Mobile broadband providers need to focus on each individual customer and which channel that can most cheaply attract that customer
|When working with various types of distribution channels it is important to also work with different types of business models. It is important to understand that different distribution channels have different attitudes towards a broadband product and which business model they would prefer to work with.
By offering various types of business models for different types of distribution channels, one has the possibility of choosing the model that best suits each individual channel. Take for example, Carphone Warehouse – a UK-based mobile telephone dealer. It is obvious that they are more interested in making money on the customer’s ongoing mobile consumption, rather than making money on acquiring a new customer for a mobile operator.
But Carphone Warehouse can allow themselves the luxury of choosing this model because they are a well established company with high earnings, that do not necessarily need to focus as much on the companies cash position as many other mobile dealers. Many mobile dealers are currently under a great deal of financial pressure and if given the choice between earning money on customers’ ongoing consumption or a “finders fee” per customer, many will choose the one time fee, rather than a business model giving them a share of the ongoing revenue generated by the customer.
It is also important that business models that are related to various models/products, are also related to the way that the customer purchases, consumes and pays for that product.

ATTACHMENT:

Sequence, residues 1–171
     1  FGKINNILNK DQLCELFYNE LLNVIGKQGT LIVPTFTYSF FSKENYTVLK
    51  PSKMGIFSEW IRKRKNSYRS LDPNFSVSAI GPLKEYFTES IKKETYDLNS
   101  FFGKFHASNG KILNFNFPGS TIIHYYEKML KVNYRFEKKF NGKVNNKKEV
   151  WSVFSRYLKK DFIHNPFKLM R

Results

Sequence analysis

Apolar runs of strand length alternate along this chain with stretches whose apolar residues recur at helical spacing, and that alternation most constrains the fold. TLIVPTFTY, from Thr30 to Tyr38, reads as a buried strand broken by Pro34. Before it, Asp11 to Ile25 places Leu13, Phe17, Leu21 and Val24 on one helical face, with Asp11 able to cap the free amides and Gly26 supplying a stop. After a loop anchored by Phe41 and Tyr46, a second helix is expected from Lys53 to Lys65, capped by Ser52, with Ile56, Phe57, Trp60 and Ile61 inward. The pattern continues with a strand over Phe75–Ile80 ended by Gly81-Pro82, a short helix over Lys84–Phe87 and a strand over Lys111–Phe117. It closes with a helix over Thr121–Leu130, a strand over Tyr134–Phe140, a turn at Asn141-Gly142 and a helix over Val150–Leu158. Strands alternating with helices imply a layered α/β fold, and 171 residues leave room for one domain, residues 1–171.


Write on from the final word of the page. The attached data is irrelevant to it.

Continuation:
One could imagine that there are products that mobile broadband providers acquire on a revenue sharing basis and it then naturally becomes important that the business model being used when selling the product is related to how the product is being paid for
At the end of the day it is not only an individual provider’s product that is a business case. In reality each individual customer and each segment is a micro-business case, where it is important that there is a balance between what the provider is paying for each individual customer (SAC) and the lifetime revenue (LARPU) that each individual customer generates.
The basis of the business case that is the foundation of a distribution strategy and segmentation model is that each customer – or at least each customer segment – becomes profitable. In a country like Denmark, where the minimum subscription period is only six months for private customers – the demands on creating fast profitability are far greater than in countries like Sweden and Norway where the minimum subscription periods are 24 months and 12 months respectively.
We have thoroughly examined and analysed these – and many other issues – in our new report “Successful Strategies in the Mobile Broadband Market“. The report is therefore an efficient tool for mobile broadband providers in their efforts to create and implement an optimal strategy.